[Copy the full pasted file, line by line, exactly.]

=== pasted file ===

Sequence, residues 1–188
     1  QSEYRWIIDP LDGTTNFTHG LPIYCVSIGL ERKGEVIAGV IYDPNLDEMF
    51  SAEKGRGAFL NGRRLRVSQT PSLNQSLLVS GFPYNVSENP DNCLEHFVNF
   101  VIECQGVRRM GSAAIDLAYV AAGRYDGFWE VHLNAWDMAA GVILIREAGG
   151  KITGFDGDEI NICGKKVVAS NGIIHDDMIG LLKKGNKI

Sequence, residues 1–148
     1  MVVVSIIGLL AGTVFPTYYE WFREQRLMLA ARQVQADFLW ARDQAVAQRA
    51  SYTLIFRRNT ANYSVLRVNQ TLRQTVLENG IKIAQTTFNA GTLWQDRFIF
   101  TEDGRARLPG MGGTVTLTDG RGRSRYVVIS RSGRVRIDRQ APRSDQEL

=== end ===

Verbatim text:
Sequence, residues 1–188
     1  QSEYRWIIDP LDGTTNFTHG LPIYCVSIGL ERKGEVIAGV IYDPNLDEMF
    51  SAEKGRGAFL NGRRLRVSQT PSLNQSLLVS GFPYNVSENP DNCLEHFVNF
   101  VIECQGVRRM GSAAIDLAYV AAGRYDGFWE VHLNAWDMAA GVILIREAGG
   151  KITGFDGDEI NICGKKVVAS NGIIHDDMIG LLKKGNKI

Sequence, residues 1–148
     1  MVVVSIIGLL AGTVFPTYYE WFREQRLMLA ARQVQADFLW ARDQAVAQRA
    51  SYTLIFRRNT ANYSVLRVNQ TLRQTVLENG IKIAQTTFNA GTLWQDRFIF
   101  TEDGRARLPG MGGTVTLTDG RGRSRYVVIS RSGRVRIDRQ APRSDQEL